If you haven’t realized it already, I think something is quite clear by this point. 2022 is coming way faster than I think any of us predicted. North Carolina already has two major announced candidates in Jeff Jackson (D) and Mark Walker (R). Alex Lasry (D) declared Thursday night he was running for the Wisconsin Senate seat. And John Fetterman (D) officially hopped into the Pennsylvania race two weeks ago. While we would all like a break, the 2022 election cycle is here. And in Pennsylvania, the Democratic Senate primary is adding a new face – one that could bring the climate to the forefront of the primary discussion.
Introducing Malcolm Kenyatta
This person is State Representative Malcolm Kenyatta. Kenyatta currently represents the 181st district in the Pennsylvania House. It is a majority-black seat that also holds the campus of Temple University. Kenyatta is a self-described progressive and activist, also holding history as the first LGBTQ person of color to be elected to the Pennsylvania legislature. He was first elected in 2018, replacing long-time Representative Curtis Thomas.
Kenyatta has been one of the more progressive members of the Democratic caucus since his election. This is no surprise considering his family history. His grandfather is Muhammad Kenyatta, who was a large figure in the civil rights movement and ran against Frank Rizzo for the Democratic nomination in the 1975 mayoral race. Kenyatta’s two big areas of focus have been poverty and climate. While his focus on poverty will not separate him from other Pennsylvania progressives, his focus on climate issues will. Especially since he plans on running statewide.
Climate to the Forefront Changes the Game
Running statewide in Pennsylvania, even as a Democrat, bringing up climate change has never been a big part of platforms. This is in part due to lasting Democratic strength in the western part of the state, where mining jobs were quite prevalent. Like everywhere else in America though, Republicans have started to take over the area. Former Democratic strongholds like Westmoreland, Washington and Greene counties have sharply turned to the right in the past decade. As I mentioned in my previous article discussing this senate race, the Democratic base has shifted from the west to the Philadelphia area.
This shift now gives an opening to climate hounds like Kenyatta to bring their platform statewide. While the Philadelphia collars and Bucks are all still heavily white, like out west, they are vastly more educated. In fact, most of the state’s college graduates are concentrated in that part of the state. Climate issues are vastly more important to these more educated voters. Kenyatta already has connections to the Philadelphia branch of the Sunrise movement, one of the growing climate power groups in politics. With this, he could easily bring a platform that includes the Green New Deal to the forefront of the primary.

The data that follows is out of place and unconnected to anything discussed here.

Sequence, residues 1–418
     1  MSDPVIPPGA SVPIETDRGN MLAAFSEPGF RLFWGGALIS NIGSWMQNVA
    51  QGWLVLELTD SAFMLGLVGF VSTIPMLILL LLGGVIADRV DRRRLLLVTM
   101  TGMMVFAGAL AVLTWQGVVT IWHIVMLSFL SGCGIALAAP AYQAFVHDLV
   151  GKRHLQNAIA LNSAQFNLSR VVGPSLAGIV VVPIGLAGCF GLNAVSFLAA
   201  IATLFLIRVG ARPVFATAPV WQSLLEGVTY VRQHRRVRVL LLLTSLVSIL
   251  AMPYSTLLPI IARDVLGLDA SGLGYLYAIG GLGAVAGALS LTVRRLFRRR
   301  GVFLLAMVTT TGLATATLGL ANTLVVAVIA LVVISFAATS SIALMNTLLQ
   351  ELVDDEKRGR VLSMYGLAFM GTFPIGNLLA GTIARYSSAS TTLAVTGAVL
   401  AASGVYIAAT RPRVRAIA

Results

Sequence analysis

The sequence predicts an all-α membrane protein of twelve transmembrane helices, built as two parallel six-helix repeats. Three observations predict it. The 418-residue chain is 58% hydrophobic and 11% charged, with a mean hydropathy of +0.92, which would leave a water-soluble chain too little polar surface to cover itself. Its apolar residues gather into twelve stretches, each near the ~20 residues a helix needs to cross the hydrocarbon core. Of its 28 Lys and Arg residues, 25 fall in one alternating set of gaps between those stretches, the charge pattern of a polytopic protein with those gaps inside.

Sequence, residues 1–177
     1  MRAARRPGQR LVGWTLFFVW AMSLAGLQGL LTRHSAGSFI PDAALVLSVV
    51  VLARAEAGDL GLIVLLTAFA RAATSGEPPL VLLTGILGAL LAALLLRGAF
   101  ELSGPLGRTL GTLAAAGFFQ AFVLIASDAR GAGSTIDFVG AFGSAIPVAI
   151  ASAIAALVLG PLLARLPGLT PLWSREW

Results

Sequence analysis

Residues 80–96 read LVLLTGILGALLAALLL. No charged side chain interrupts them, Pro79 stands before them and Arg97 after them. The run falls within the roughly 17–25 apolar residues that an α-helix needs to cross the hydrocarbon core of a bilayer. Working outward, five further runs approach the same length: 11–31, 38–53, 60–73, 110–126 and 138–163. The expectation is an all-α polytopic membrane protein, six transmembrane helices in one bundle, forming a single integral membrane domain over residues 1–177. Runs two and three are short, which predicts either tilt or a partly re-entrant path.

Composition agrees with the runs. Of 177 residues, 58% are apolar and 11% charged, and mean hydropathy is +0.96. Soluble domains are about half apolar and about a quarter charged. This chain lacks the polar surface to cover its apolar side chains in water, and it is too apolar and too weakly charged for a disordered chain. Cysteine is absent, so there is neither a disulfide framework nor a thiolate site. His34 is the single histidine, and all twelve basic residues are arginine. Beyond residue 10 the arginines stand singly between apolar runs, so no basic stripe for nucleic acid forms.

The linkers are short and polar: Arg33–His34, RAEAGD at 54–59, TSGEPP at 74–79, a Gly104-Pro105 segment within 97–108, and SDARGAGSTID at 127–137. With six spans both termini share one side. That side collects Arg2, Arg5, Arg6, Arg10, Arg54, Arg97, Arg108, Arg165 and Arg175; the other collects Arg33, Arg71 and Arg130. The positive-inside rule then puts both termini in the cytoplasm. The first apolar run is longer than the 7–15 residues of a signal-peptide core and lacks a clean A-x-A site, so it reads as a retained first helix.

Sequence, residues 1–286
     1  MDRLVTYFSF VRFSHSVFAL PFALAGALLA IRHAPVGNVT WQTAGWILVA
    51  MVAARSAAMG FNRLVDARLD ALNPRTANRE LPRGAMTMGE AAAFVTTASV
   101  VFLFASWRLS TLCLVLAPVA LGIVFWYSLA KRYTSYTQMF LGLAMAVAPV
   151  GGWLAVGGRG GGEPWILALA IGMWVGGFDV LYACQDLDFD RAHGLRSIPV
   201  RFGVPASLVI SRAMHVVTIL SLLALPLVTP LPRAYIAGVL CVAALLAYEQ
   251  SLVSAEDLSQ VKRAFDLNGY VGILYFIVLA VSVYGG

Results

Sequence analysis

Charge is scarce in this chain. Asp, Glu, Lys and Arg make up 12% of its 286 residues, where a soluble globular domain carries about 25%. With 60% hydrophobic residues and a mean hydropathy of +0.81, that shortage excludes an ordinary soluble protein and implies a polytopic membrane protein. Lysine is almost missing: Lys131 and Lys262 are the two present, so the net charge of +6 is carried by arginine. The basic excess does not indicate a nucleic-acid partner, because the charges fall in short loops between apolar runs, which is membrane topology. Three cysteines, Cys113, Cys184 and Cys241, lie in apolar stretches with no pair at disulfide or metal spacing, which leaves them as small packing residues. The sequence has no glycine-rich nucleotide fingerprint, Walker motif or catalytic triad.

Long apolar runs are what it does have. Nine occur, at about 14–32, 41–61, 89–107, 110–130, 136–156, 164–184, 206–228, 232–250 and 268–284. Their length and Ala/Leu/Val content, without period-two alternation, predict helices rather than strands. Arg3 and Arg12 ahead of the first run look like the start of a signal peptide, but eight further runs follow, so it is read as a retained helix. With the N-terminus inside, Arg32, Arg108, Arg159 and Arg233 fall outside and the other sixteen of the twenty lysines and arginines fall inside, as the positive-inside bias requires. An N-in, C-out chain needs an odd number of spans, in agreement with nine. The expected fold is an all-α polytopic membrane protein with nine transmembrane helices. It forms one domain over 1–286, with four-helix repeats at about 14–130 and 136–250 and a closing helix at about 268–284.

How this Could Hurt – or help – John Fetterman
John Fetterman is still, as of now, one of the most progressive politicians to run for statewide office in Pennsylvania. However, one of the issues he is not as aligned with the progressive wing of the party on is climate. This is because Fetterman supports fracking, or at least doesn’t want to get rid of it. This is where that east/west divide really shows. Fetterman understands fracking brings jobs to his area, even though they are not very climate friendly. That doesn’t play well in SEPA though, where climate change is a more vital issue. If it is a one v. one race, this could help Kenyatta draw some divides among ideological lines. The thing is, this won’t be a one v. one race.
This is where Kenyatta’s slightly surprising entry helps out Fetterman. Remember, in my last article about this race, I argued heavily that Fetterman was not a field clearer because of his geographic location. I have been proven right about that, but things do seem to be lining up for him to sneak through. Kenyatta will not be the only candidate from the southestern portion of the state. It’s quite likely he will not be the only candidate from Philadelphia, either. Val Arkoosh, a Montgomery County Commissioner and doctor, is almost assured to be running. And in Montgomery County, Madeline Dean seems to be testing the waters too. Also from Philadelphia, I have heard from some that the Philadelphia machine is preparing to back PA-02 Representative Brendan Boyle . This is the type of field that allows Fetterman to get through the primary.
In the next couple of months, this field will be more clear. For now there will be a lot of rumors and many a hot take. The most important person to watch through this process though will be Boyle. If he does get in, not only will he likely get more establishment figures backing him, but it will divide Philadelphia and the collars as well. For now though, this fight is between two very progressive candidates – something unheard of in Pennsylvania in any statewide primary. Whether it stays that way is highly unlikely, but who those other candidates will be will decide how this primary goes. Stick with Elections Daily for updates on not just Pennsylvania, but all the 2022 Senate races. Everything is kicking off now, and we will be here to analyze and cover it for you.